This selected edition of Srečko Kosovel's poems, translated from the Slovene by Ana Jelnikar and Barbara Siegel Carlson, is a welcome addition to the developing canon of Slovenian poetry, but more so, it's an obvious labor of love by both translators as well as publisher. The book is perfect-bound in a simple but eye-catching jacket from Ugly Duckling, with interior text provided in the poet's native language as well as English on facing pages. Additionally, there are poems reprinted in Kosovel's own handwriting, in part to offer a graphological glimpse into the author's character, but also to promote documenting him as a pioneering yet playful manipulator of language.
Richard Jackson puts it well, in his enlightening introduction, noting the “eccentric typography and graphic word placement, mathematical symbols and equations, jarring juxtapositions, non sequiturs and montage” that Kosovel utilized, especially in his “unsayable” Constructivist poems. Yet these more outrightly experimental undertakings comprise only a portion of an immense body of work, most of which did not find publication until well after Kosovel's death from meningitis in 1926, at the age of 22. At that time around 40 poems had been published, but estimates indicate that he had written almost one hundred times that, or as many as 4,000 in a relatively short period of time.
Because Kosovel did not date his work it's difficult to find a demarcated path leading from one poetic procedure to another, but that seems to have been his intention. He appears to have been a restless and catholic writer, embracing the various isms of his day – impressionism, symbolism, expressionism, futurism, Dadaism, and surrealism – with all-encompassing gusto. Yet the effect of openly welcoming such far-ranging interests doesn't make for writing that is anachronistic, or cluttered or verbose, but rather lean and lilting, as exemplified in the short poem, “August,” where Kosovel also displays a penchant for alliteration and repetition:
I love the quiet August rain
that cools the forests and fields,
the gray sky, the fresh wind
that comes to the heart's quiet.
Quietly it comes to the carefree heart,
which is quietly open to sadness.
No longer crushed or glum,
grief giving way to joy.
Now all is fulfilled, the gray
clouds fragrant and melancholy.
In the rain and in the field
the dark wet poplars rocking.
One could call the sentiment here naïve – a post-adolescent fixation on emotional extremes of grief and joy, and the calming, cool rain and “fresh wind” mere idealized sensory images carried over from Kosovel's provincial upbringing. Yet the innate obscurity of the third stanza is quite compelling: what is the “all” of which he speaks – “the gray / clouds fragrant and melancholy”? But how can clouds be fragrant? And is that fulfillment somehow related to the swaying of the “dark wet poplars rocking”? Such questions are ultimately inessential; in a few economical verses “August” builds to a beautifully enigmatic denouement.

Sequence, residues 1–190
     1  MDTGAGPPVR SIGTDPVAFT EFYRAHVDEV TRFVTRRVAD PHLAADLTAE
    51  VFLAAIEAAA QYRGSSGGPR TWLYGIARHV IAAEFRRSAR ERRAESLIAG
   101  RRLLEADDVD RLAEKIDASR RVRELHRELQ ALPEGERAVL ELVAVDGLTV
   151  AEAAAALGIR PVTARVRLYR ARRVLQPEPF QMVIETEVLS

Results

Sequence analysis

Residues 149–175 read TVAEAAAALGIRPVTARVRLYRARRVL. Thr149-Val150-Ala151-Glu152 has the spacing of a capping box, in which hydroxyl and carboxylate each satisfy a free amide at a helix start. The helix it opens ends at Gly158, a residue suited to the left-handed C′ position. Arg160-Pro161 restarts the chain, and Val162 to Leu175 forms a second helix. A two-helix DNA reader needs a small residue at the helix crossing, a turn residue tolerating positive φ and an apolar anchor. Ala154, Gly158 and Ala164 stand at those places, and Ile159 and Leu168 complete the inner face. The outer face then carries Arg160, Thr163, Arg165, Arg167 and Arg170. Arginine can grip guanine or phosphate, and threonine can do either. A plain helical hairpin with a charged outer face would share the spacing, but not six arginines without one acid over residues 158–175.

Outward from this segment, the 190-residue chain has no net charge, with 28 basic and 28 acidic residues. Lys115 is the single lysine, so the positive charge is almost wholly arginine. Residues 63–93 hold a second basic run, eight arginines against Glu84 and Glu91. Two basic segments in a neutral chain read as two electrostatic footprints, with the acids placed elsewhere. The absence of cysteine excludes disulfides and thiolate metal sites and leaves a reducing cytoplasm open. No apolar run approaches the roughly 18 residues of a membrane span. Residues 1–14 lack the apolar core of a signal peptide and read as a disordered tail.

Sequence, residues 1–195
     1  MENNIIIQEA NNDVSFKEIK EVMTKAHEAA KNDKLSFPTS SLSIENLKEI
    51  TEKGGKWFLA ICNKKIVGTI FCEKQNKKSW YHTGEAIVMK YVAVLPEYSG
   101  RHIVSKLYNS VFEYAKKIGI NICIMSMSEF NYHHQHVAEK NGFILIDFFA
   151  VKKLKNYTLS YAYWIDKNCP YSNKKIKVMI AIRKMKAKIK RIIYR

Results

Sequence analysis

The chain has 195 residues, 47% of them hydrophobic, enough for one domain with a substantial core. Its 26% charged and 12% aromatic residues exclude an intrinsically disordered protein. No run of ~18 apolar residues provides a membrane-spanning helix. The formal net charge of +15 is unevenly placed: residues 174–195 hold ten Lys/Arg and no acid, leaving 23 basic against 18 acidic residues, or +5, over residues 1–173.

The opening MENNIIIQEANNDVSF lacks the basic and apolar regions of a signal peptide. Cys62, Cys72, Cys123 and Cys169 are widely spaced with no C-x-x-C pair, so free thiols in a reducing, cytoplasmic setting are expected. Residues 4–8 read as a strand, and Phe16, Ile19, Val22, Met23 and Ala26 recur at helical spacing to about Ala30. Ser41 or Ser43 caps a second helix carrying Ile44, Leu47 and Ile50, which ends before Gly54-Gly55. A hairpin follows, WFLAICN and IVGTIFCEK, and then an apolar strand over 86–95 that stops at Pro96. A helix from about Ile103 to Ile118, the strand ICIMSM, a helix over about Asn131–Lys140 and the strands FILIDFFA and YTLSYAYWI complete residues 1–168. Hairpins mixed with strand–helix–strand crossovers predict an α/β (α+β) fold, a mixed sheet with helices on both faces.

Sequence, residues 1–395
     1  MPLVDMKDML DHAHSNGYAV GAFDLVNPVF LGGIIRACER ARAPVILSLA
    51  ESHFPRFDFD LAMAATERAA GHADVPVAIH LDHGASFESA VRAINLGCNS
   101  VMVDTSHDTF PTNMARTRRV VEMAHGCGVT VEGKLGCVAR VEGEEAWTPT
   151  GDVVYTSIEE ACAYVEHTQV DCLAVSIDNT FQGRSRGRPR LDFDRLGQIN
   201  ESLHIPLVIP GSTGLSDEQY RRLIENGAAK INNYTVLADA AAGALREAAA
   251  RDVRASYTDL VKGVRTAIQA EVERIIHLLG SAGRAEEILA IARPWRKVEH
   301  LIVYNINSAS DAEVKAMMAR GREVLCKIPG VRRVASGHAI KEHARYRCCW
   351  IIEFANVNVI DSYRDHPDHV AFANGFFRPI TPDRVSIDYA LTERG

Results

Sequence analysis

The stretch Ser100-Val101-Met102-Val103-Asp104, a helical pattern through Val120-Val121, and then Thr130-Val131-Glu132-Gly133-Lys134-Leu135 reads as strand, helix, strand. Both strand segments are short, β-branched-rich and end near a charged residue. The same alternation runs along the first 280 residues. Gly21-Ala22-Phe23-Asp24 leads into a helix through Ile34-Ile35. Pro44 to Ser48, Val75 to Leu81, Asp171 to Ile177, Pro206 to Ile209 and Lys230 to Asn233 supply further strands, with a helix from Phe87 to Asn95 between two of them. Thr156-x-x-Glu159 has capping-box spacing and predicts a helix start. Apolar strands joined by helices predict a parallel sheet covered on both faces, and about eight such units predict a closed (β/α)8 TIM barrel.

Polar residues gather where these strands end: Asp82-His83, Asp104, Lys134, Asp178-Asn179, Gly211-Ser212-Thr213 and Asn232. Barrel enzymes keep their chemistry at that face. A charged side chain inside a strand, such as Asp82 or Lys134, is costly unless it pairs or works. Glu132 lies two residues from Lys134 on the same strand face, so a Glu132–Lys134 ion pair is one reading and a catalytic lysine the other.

“Street Lamp” embodies a similarly straightforward mysteriousness, concluding:
Be a lamp
if you can't be human,
for being human is difficult.
A human has just two hands
but he should help thousands.
So be a lamp by the roadside
shining on a thousand happy faces,
shining for the lonely, the aimless.
Be a lamp with a single light,
man in a magic square
signaling with a green arm.
Be a lamp, a lamp,
Once finished, there is no driving need to dissect this poem's logic; Kosovel posits his imperatives and runs with them, each line depending on the previous and developing forthwith. What's interesting is the juxtaposition of “happy faces” with “the lonely, the aimless,” and again how the poem ends with a formidable image – the “man in a magic square / signaling with a green arm,” and the incantatory repetition, “Be a lamp, a lamp, / a lamp.”
Look Back, Look Ahead is a fitting title for this collection. Kosovel was as much of his place and time as he was prescient of upcoming stylistic paradigm shifts. Oftentimes a writer's work will be more successful in a particular idiom, and we can appreciate his or her meandering more as a laudable character trait than as a facilitator of broadly first-rate writing, but at least here the examples of his work show Kosovel to be skilled in a variety of poetic guises. While he seems to have favored shorter verse, his prose poems are every bit as lyrically interesting as his terser pieces, and the longest poem here, “Tragedy on the Ocean,” maintains thematic unity and concentric tension throughout nine sections. If this is a reasoned sampling of Kosovel's oeuvre, Jelnikar and Carlson are to be commended for making such astute choices, since most everything here not only works well taken together but leaves the reader with an eager sense that there's much more yet untranslated to experience and enjoy.